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  • Between Land and Sea: The Atlantic Coast and the Transformation of New England

    Christopher L. Pastore
    Harvard University Press, 2014

    One of the largest estuaries on the North Atlantic coast, Narragansett Bay served as a gateway for colonial expansion in the seventeenth century and the birthplace of American industrialization in the late eighteenth. Christopher Pastore presents an environmental history of this watery corner of the Atlantic world, beginning with the first European settlement in 1636 and ending with the dissolution of the Blackstone Canal Company in 1849. Between Land and Sea traces how the Bay’s complex ecology shaped the contours of European habitation, trade, and resource use, and how littoral settlers in turn reconfigured the physical and cultural boundaries between humans and nature.

    Narragansett Bay emerges in Pastore’s account as much more than a geological formation. Rather, he reimagines the nexus of land and sea as a brackish borderland shaped by the tension between what English settlers saw as improvable land and the perpetual forces of the North Atlantic Ocean. By draining swamps, damming rivers, and digging canals, settlers transformed a marshy coastal margin into a clearly defined edge. The resultant “coastline” proved less resilient, less able to absorb the blows of human initiative and natural variation than the soggy fractal of water and earth it replaced.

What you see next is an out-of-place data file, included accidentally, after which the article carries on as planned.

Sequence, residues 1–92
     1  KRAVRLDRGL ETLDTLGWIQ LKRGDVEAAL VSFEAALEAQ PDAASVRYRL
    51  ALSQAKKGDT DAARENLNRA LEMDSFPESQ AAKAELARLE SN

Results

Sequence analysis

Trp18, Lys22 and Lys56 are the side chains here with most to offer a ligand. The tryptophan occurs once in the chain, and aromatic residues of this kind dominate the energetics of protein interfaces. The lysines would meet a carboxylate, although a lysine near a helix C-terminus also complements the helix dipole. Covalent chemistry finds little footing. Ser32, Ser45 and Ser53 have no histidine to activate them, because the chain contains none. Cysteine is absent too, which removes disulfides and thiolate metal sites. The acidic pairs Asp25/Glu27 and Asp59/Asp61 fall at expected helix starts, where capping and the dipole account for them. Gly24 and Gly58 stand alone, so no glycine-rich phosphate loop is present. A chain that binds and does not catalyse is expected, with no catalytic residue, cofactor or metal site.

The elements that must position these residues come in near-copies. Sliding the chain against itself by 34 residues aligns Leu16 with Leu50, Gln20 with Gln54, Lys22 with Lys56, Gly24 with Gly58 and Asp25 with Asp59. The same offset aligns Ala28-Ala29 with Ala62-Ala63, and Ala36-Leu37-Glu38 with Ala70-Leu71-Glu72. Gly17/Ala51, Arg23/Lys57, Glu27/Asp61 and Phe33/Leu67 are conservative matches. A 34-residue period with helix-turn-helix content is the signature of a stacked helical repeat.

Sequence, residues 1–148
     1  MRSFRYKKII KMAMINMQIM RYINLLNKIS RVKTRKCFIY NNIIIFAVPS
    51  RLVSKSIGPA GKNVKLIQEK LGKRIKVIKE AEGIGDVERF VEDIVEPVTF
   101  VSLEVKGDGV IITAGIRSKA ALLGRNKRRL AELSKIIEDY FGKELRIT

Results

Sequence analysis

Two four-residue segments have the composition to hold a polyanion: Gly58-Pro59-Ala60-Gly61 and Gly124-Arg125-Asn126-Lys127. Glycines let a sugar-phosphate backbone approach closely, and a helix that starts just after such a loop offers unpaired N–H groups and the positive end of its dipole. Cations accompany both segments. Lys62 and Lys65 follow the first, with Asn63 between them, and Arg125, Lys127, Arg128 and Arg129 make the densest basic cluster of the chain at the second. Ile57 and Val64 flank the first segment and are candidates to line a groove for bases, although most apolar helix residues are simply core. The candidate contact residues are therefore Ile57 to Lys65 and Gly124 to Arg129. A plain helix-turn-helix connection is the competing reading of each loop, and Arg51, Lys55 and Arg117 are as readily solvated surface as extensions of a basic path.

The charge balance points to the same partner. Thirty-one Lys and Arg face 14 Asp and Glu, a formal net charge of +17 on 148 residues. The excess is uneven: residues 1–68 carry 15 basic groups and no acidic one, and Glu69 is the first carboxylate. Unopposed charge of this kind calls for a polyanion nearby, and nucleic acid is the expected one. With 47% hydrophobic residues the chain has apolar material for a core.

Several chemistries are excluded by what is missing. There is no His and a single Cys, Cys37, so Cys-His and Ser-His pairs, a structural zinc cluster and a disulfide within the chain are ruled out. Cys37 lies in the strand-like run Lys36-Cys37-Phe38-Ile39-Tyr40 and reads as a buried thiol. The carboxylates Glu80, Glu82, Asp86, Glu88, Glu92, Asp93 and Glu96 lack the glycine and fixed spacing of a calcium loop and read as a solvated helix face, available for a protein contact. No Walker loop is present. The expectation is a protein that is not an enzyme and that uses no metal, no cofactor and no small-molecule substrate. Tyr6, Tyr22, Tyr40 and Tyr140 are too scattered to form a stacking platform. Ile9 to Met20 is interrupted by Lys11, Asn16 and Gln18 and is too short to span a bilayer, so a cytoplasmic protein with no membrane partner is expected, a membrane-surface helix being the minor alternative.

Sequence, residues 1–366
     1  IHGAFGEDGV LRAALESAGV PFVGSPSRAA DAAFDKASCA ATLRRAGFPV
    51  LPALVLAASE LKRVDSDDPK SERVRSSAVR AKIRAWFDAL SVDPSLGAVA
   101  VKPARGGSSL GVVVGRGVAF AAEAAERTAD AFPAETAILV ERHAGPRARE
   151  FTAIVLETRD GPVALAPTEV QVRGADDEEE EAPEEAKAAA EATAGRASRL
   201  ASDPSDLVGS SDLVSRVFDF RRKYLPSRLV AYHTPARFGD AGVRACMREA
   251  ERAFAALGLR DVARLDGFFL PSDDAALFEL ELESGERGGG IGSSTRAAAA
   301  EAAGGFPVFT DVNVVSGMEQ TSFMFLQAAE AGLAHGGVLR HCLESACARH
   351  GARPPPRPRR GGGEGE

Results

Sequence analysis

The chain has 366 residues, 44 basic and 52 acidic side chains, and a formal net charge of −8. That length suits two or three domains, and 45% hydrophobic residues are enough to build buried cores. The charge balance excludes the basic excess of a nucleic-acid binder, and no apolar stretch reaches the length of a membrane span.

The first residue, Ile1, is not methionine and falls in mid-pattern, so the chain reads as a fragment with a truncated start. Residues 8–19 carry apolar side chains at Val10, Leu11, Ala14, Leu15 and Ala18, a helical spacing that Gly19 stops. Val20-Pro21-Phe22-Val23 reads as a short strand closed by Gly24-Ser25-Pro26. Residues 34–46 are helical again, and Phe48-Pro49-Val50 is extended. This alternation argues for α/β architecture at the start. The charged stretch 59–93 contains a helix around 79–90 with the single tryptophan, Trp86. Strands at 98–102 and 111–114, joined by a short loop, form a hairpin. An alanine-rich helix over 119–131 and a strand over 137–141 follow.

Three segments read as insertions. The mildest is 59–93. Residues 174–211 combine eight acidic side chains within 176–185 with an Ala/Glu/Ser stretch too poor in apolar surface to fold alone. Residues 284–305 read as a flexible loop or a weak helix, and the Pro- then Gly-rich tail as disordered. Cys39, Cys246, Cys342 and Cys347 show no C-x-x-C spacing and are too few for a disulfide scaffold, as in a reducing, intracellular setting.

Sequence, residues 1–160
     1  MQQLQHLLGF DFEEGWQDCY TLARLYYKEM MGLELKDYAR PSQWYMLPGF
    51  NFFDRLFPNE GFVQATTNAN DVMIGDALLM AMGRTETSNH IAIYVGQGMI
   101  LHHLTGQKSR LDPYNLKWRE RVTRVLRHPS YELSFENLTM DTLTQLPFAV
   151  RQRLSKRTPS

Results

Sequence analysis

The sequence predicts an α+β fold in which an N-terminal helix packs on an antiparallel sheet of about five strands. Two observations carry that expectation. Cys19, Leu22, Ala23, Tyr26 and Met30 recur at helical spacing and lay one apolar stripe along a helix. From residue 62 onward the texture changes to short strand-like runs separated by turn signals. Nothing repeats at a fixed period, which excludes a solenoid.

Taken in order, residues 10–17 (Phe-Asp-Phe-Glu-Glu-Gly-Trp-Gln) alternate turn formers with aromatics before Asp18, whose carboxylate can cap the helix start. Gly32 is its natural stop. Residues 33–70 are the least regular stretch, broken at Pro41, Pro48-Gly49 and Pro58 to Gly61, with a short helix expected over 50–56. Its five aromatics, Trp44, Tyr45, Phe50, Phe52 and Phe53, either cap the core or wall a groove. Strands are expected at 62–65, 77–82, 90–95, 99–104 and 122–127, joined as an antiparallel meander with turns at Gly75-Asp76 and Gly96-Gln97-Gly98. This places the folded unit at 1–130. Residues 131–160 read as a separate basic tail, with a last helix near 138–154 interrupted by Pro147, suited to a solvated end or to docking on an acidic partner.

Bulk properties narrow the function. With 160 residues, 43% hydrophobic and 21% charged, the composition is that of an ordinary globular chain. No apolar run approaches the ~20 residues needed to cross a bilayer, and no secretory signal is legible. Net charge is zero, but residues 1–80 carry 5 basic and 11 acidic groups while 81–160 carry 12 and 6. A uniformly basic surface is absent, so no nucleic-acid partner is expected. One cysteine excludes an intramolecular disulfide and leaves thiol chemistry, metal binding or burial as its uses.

Today, as sea levels rise and superstorms batter coasts with increasing ferocity, Between Land and Sea calls on the environmentally-minded to make a space in their notions of progress for impermanence and uncertainty in the natural world.

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  • Byzantium and the Turks in the Thirteenth Century

    Dimitri Korobeinikov
    Oxford University Press, 2014